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Setpiece Kos

Climate Change and Alternate Ways

This article complements a number of the comments made in the previous and theoretical one, during the course of a discussion of a single game. In it, a corner position set up by an early probe remains unresolved for very close to 100 plays. For much of that period neither player finds the time to settle matters, one way or the other, in a ko fight.

The background against which this ko would potentially be fought out is constantly changing. That is one point: effectively the entire middlegame is played out against the background of a ko fight in the upper left corner. A ko theorist might see that the other way round, of course: the fighting elsewhere provides the context in which one can understand why the ko is left dormant at times.

The second point is that there are different ways in which the ko might be set up, and the life-and-death situation resolved. In fact Black at times turns down a chance to live small in the corner, and also plays to enlarge the ko by reaching out towards it on the top side.

I think this example gives a good, practical illustration of the ebb-and-flow of a middlegame ko fight. One can count it as worth 20 points or so - relatively small, since the corner is of restricted size. Kobayashi Koichi as White remains very cool throughout, and indeed went on to win the game with relative ease. There is a short commentary in the Kido Yearbook, critical of Black (Kato), whose play does seem to be on the hustling, aggressive side.

The material here leads on from that covered in part 4 of this series, under Concept C.

figure 01

Kato Masao-Kobayashi Koichi, played 1987-04-09 in the Honinbo League.


Black hopes for White 2 here in this case. Black would be able to establish a group on the side up to 7 (White 6 could instead be at A); in this case Black's formation is light and has good eye potential, taking advantage of White's fourth line stone on the left side. But the Kido Yearbook prefers Black to play directly at 7 in this diagram.

figure 02

Therefore in this case it is natural for White to play this way, and to aim for an attack on Black's group in order to make forceful use of neighbouring stones.

figure 03

Black's expected cross-cut in order to make sabaki here.

figure 04

White chooses to avoid the ponnuki capture with 6; the stakes are raised somewhat. Black 7 immediately is a bold decision.

figure 05

White 8 ensures that Black is directed towards life in the corner. Considering the disposition of stones on the top side, where White can be cut, and on the left where White has the 4-10 stone in place, this is a harmonious plan.


Black rejected the chance to connect before playing into the corner, but the Kido Yearbook suggests that this was unwise.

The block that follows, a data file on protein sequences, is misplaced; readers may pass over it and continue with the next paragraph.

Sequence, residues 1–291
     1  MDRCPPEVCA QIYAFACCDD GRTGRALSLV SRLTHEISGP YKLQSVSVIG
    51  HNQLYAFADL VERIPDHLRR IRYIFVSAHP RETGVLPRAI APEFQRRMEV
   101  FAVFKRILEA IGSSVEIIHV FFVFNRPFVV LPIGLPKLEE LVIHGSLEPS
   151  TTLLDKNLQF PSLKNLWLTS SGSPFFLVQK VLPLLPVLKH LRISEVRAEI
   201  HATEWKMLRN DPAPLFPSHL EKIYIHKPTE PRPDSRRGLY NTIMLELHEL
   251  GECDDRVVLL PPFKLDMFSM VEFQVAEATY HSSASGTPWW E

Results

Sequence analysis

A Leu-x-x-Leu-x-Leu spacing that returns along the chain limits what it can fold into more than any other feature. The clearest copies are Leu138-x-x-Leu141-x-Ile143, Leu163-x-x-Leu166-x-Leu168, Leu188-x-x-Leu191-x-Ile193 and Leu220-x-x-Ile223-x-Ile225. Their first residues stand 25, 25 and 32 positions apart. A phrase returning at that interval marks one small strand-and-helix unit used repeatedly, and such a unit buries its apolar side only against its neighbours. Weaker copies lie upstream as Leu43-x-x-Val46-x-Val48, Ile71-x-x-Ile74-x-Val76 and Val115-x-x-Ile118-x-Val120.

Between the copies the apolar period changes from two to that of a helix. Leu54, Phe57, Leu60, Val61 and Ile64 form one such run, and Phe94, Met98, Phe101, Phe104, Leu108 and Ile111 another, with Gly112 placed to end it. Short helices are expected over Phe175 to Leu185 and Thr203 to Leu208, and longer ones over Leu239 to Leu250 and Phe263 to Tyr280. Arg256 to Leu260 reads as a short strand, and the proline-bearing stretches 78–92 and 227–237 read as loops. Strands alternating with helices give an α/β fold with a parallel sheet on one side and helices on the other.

figure 06

Now Black sets up a ko for life in the corner, but that poses a question, or perhaps two.


Is there anything good for Black in playing this way? As a simple life-and-death problem Black is now dead, but there is a chance of using these stones in combination with the presence on the top side. (See Concept D, Outer Strength, from part 5 of the series.)

The truth is probably that Black has already given White points on the left side in this diagram, and already needs a better result than a small corner life in gote. Therefore this is unpromising for Black.

figure 07

Certainly Black now rejects the chance to live small in the game variation. White's ko capture is in a sense a thick play. White permits Black to live with two points, but Black understandably walks away from that resolution of the position.

figure 08

The central areas take on a more definite appearance. White 32 is the ordinary technique for stabilising a two-point extension on the side. Black 33 at this point, after Black 29 is played, is more reasonable than taking the white stone.

figure 09

With 35 Black leaves the right side, where there remains a very large early endgame clamp for White, in order to enlarge the ko in the top left. The plays up to 41 prepare for Black's recapture in the ko. Since they cause White some shortage of liberties, the position becomes tricky. Clearly, though, they may also cost Black points.

figure 10

The expected revival of the ko. How can White handle the position safely?

figure 11

White 44 is the play mentioned in Concept C (part 4 of this series), though played with different timing and for slightly different reasons. It is a local ko threat, and also helps White towards improved shape here.

Black's response is to divert to a major fight in the lower left area. The 43/44 exchange improves Black's aji, but of course the situation on the top side has been left hanging.

figure 12

Black does well, living in the lower left corner, while conceding influence to White.

figure 13

Black ends in sente. Returning to 69 to tidy up signifies that Black places a lower value now on the ko in the upper left. Black may have intended to use it during the fight in the previous diagram, if White had tried to kill the invasion. That is like miai thinking - Black hopes to live either in the lower left or in the upper left. The ko fight at that stage would need to be larger, but no more.

figure 14

Black makes the group in the upper left alive in ko, but in gote - White could have killed it with one more play.

figure 15

But White intermits this fight, taking the large point on the right left more than forty moves ago. With 84 White presents a winning plan - live on the lower side, backed up by the strength to the left.

figure 16

Black tamely connects with 95 - this is a no-contest ko as explained in part 4 (in fact it's the very example there, obtained by a transposed order of plays). With 98 White is ready to wrap up victory.

figure 17

Black closes down the ko, at last. White went on to win by 6.5 points.
Posted 21 October 2002. Copyright (c) 2002 Charles Matthews